How to use the Socratic Method of Teaching

The Socratic Method of teaching has been used by schools and teachers for many generations. However, it is often more used in higher education, which comes as a disadvantage to young students. Young students should be taught by the Socratic Method because it encourages critical thinking, in-class participation, and other social skills that students will need to succeed at any level of education.

The Socratic Method, first developed by Socrates, is an easy-to-understand principle. It involves discussion; by discussing a certain topic or book or thought, students can actively engage with their knowledge instead of simply memorizing or retaining it. Students can also exchange opinions and ideas, and develop excellent speaking and communication skills. The Socratic Method can be used in virtually every subject, although in slightly different ways.

For humanities teachers, the Socratic Method is easy to employ. English, social science, and philosophy teachers will be able to use the Socratic Method without even changing their curriculum. For example, once your English class has finished reading a book, place the students’ desks in a circular shape and begin discussing the theme, plot, or overall influences of that book. All of the ideas which are discussed and evaluated can be used later on in presentations, essays, summaries, etc.

Science and mathematics-based teachers can also use the Socratic Method on alternating days with their regular lesson plans. For example, a calculus teacher may be able to lecture on Mondays, Wednesdays, and Fridays, and hold Socratic Method seminars on Tuesdays and Thursdays, in which the students may discuss theorems and principles of calculus. By presenting a subject like calculus in two different ways, calculus teachers will be able to really instill the value of the subject in their students.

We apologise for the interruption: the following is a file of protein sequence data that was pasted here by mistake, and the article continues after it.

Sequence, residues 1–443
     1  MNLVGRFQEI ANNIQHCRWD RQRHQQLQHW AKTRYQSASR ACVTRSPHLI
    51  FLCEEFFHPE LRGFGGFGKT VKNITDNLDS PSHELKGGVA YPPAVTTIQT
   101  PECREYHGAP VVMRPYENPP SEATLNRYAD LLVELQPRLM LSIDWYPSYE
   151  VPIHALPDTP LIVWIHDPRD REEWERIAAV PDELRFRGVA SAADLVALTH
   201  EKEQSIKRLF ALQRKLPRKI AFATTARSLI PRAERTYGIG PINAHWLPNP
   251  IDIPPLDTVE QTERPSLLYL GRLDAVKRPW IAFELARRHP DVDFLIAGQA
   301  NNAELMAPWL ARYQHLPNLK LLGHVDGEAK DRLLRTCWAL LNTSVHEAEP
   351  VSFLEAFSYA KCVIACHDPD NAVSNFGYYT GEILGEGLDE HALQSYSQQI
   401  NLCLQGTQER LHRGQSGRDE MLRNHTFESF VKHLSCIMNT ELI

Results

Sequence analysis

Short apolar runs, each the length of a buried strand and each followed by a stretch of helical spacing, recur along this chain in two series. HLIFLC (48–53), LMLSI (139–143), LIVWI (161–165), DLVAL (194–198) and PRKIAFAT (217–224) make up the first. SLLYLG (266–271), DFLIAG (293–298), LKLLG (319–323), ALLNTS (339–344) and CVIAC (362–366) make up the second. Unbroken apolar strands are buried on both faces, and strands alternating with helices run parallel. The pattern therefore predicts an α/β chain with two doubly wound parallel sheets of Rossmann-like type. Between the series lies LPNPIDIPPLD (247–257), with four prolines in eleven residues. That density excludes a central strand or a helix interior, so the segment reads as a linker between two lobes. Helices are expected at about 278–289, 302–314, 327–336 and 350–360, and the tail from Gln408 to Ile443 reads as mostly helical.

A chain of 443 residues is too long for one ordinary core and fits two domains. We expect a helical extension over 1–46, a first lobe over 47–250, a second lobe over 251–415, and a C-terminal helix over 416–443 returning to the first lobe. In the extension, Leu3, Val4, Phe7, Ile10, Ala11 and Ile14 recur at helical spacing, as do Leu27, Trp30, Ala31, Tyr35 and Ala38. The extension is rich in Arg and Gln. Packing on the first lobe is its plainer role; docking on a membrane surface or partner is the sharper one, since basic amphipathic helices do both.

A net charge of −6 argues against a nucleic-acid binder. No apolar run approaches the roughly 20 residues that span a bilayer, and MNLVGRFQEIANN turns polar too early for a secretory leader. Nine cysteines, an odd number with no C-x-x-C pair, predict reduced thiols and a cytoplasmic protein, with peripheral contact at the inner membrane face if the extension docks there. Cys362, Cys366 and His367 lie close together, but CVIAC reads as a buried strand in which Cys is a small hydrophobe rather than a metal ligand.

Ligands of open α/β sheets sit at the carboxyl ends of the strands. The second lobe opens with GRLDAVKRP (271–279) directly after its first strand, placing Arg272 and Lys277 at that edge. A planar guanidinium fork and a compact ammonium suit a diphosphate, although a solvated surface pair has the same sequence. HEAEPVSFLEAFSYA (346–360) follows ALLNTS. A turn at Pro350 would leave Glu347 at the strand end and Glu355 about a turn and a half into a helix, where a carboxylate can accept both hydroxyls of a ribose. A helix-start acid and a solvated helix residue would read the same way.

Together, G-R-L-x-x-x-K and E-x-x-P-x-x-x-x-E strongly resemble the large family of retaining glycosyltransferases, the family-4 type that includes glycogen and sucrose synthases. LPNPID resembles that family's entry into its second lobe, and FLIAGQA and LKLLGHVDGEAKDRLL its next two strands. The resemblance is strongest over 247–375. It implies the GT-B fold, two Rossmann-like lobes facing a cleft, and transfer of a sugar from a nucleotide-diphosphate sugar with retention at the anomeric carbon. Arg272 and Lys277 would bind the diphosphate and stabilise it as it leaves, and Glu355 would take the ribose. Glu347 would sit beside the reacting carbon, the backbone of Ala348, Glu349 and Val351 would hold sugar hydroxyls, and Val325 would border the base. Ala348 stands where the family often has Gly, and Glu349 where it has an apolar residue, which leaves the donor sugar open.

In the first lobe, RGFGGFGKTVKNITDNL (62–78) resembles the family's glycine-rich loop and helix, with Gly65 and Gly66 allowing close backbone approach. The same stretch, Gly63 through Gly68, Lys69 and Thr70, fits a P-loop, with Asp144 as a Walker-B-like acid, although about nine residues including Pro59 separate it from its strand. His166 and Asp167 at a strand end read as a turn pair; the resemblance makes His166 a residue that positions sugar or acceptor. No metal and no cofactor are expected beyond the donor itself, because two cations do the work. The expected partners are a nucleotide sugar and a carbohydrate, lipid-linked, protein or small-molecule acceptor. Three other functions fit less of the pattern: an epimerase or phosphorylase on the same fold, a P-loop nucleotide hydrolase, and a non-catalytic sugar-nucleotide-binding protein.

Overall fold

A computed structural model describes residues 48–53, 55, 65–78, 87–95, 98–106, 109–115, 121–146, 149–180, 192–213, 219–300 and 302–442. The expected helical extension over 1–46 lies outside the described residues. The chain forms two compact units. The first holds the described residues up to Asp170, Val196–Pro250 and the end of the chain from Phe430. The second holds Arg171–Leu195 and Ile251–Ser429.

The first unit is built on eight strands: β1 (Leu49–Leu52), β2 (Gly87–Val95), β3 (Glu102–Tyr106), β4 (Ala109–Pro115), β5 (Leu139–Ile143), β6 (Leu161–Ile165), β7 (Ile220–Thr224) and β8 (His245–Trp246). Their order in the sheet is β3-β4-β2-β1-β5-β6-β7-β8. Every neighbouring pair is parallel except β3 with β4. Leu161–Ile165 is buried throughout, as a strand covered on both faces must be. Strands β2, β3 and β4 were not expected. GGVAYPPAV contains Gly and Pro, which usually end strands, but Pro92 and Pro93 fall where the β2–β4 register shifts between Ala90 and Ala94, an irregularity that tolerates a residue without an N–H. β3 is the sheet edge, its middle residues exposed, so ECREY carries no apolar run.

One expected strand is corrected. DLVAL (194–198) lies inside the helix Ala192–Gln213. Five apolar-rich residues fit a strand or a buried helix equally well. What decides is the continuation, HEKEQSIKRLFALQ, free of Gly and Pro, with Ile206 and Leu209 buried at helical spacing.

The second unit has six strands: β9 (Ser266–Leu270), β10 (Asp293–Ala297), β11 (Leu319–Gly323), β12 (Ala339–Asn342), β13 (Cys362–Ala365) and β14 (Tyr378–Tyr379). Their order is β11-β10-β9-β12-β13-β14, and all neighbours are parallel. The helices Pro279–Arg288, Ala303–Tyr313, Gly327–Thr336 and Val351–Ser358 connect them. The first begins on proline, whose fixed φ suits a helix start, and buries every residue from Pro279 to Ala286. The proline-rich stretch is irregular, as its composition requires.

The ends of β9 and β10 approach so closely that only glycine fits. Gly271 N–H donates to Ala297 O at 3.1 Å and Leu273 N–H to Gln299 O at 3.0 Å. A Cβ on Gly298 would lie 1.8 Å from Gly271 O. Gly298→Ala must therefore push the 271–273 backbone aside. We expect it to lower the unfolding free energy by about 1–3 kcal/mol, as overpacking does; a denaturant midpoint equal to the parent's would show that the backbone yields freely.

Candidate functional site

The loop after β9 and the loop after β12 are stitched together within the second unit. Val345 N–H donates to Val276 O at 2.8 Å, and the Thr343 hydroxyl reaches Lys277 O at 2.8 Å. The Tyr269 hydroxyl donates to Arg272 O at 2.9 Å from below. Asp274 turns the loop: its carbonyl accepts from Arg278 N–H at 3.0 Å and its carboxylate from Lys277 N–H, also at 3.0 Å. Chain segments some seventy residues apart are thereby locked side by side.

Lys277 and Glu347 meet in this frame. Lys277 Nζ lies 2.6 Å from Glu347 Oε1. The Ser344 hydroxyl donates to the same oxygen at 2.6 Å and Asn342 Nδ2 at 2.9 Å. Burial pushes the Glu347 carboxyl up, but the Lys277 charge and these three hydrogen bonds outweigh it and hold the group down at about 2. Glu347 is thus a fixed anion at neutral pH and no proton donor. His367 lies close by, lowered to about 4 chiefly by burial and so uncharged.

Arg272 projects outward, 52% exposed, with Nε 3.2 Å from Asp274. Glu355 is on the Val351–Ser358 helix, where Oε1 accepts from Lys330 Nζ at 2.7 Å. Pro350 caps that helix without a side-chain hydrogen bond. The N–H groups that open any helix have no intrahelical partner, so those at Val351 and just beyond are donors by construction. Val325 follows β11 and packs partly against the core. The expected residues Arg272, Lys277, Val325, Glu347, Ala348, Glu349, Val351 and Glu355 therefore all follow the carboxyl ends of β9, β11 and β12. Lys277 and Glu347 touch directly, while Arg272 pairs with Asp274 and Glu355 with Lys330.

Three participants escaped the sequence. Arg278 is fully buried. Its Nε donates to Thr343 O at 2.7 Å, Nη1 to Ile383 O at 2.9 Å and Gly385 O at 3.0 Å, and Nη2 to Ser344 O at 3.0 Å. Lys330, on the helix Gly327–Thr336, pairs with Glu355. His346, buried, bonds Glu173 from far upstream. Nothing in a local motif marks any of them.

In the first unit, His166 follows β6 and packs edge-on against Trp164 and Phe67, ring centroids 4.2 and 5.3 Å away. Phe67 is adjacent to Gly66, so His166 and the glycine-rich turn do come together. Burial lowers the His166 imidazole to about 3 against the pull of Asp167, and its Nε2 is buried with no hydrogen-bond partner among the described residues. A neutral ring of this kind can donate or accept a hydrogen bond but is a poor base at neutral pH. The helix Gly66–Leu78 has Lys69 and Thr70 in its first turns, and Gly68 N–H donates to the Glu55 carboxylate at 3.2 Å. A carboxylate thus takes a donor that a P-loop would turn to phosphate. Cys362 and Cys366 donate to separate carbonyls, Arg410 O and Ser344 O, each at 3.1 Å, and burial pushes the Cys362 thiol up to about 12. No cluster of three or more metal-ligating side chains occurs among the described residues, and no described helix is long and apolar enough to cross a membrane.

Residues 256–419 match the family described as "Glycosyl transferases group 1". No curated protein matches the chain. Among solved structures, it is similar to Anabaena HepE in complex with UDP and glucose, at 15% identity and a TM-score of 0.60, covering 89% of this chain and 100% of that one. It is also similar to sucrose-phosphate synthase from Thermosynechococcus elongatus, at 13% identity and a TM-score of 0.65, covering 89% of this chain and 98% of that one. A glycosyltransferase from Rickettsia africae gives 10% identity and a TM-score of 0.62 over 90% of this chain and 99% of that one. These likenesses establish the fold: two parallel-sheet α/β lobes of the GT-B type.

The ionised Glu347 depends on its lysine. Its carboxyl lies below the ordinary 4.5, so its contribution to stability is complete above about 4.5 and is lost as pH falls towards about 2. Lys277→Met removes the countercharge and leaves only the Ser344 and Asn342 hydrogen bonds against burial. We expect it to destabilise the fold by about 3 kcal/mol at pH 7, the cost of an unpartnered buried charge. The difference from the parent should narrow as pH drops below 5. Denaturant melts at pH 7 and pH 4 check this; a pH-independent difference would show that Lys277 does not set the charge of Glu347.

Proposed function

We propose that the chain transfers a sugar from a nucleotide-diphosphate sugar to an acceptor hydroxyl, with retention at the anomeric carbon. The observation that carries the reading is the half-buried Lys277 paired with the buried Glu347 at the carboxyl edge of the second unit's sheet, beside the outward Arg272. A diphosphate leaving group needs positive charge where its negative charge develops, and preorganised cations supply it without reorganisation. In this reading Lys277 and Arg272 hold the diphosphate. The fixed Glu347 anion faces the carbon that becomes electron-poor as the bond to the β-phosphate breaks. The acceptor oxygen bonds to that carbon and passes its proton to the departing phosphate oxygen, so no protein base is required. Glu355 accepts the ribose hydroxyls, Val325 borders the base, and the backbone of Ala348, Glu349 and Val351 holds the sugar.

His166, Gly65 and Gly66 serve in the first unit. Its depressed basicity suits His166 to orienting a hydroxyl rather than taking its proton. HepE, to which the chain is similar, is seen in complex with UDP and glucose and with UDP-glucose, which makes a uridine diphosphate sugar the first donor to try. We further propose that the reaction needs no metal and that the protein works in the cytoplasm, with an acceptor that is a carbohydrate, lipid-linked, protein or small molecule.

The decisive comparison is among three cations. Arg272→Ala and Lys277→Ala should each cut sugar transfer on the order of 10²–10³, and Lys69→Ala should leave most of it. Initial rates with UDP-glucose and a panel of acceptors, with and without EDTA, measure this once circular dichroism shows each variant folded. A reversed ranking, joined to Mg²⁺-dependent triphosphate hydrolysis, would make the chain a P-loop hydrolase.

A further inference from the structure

Socratic seminars, however, must be “refereed” constantly. If you do not monitor your students’ discussion, they might go off-topic and begin debating about personal values or opinions that may be influenced by race or political or religious backgrounds. These conversations should be avoided or, at the very least, limited. These discussions usually become very personal, and the discussion can only go in circles. If you find that your students are in this situation, change the topic immediately.

The Socratic Method is a fun yet educational way to teach your students how to make use of their knowledge. The Socratic Method also teaches students how to think critically, accept others’ opinions or viewpoints, and apply their knowledge to the real world and to other forms of knowledge.